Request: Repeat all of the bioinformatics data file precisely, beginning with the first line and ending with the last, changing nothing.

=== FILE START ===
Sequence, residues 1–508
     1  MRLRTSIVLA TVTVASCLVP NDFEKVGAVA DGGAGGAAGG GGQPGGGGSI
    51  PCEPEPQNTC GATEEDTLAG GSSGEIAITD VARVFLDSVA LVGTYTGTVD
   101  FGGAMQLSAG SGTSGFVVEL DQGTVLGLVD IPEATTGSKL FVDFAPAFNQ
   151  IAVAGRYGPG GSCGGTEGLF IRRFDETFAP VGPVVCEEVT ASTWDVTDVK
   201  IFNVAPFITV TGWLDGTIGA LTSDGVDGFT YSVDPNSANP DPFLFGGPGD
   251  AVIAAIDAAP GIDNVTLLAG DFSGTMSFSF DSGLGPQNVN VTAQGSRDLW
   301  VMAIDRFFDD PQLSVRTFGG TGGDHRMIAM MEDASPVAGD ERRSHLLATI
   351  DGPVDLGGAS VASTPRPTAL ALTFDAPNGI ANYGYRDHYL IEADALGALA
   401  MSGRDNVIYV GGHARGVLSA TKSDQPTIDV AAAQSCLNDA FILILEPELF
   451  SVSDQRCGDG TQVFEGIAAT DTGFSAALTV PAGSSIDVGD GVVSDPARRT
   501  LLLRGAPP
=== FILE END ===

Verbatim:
Sequence, residues 1–508
     1  MRLRTSIVLA TVTVASCLVP NDFEKVGAVA DGGAGGAAGG GGQPGGGGSI
    51  PCEPEPQNTC GATEEDTLAG GSSGEIAITD VARVFLDSVA LVGTYTGTVD
   101  FGGAMQLSAG SGTSGFVVEL DQGTVLGLVD IPEATTGSKL FVDFAPAFNQ
   151  IAVAGRYGPG GSCGGTEGLF IRRFDETFAP VGPVVCEEVT ASTWDVTDVK
   201  IFNVAPFITV TGWLDGTIGA LTSDGVDGFT YSVDPNSANP DPFLFGGPGD
   251  AVIAAIDAAP GIDNVTLLAG DFSGTMSFSF DSGLGPQNVN VTAQGSRDLW
   301  VMAIDRFFDD PQLSVRTFGG TGGDHRMIAM MEDASPVAGD ERRSHLLATI
   351  DGPVDLGGAS VASTPRPTAL ALTFDAPNGI ANYGYRDHYL IEADALGALA
   401  MSGRDNVIYV GGHARGVLSA TKSDQPTIDV AAAQSCLNDA FILILEPELF
   451  SVSDQRCGDG TQVFEGIAAT DTGFSAALTV PAGSSIDVGD GVVSDPARRT
   501  LLLRGAPP